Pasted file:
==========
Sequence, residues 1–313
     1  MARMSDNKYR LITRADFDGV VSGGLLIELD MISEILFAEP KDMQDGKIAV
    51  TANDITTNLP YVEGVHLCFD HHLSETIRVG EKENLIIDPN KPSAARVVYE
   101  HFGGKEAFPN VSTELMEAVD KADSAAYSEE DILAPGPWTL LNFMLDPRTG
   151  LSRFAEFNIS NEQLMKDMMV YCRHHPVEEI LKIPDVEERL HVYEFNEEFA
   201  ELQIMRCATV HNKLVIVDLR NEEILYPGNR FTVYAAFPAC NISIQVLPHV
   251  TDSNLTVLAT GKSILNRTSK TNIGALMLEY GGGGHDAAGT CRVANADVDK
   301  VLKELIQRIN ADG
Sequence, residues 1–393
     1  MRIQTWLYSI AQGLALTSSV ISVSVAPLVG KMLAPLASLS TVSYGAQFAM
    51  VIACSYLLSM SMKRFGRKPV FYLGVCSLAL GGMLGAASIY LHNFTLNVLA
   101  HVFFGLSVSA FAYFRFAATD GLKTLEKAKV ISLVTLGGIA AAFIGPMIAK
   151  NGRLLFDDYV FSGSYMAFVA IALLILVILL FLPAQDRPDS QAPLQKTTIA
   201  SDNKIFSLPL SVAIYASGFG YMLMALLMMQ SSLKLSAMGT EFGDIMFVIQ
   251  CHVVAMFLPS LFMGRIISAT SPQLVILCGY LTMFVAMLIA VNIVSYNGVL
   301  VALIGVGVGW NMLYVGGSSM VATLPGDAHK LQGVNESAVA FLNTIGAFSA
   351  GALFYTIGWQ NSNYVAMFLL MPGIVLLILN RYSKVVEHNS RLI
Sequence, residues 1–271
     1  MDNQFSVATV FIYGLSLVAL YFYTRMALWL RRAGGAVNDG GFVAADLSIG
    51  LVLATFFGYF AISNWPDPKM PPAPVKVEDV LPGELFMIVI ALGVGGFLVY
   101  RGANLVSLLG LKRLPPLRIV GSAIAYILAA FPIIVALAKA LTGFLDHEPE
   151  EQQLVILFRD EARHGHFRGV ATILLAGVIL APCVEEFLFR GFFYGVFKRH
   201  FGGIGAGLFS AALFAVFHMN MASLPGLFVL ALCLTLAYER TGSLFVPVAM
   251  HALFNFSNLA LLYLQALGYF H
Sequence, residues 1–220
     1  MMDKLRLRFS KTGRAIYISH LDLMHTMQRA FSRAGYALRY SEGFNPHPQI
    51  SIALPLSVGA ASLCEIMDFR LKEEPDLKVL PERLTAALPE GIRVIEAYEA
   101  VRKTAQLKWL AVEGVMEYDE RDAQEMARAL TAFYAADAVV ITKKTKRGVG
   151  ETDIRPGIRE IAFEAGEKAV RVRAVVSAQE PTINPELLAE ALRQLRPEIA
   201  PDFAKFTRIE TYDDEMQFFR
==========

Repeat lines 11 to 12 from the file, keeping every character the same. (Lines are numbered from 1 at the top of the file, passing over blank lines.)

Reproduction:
    51  VIACSYLLSM SMKRFGRKPV FYLGVCSLAL GGMLGAASIY LHNFTLNVLA
   101  HVFFGLSVSA FAYFRFAATD GLKTLEKAKV ISLVTLGGIA AAFIGPMIAK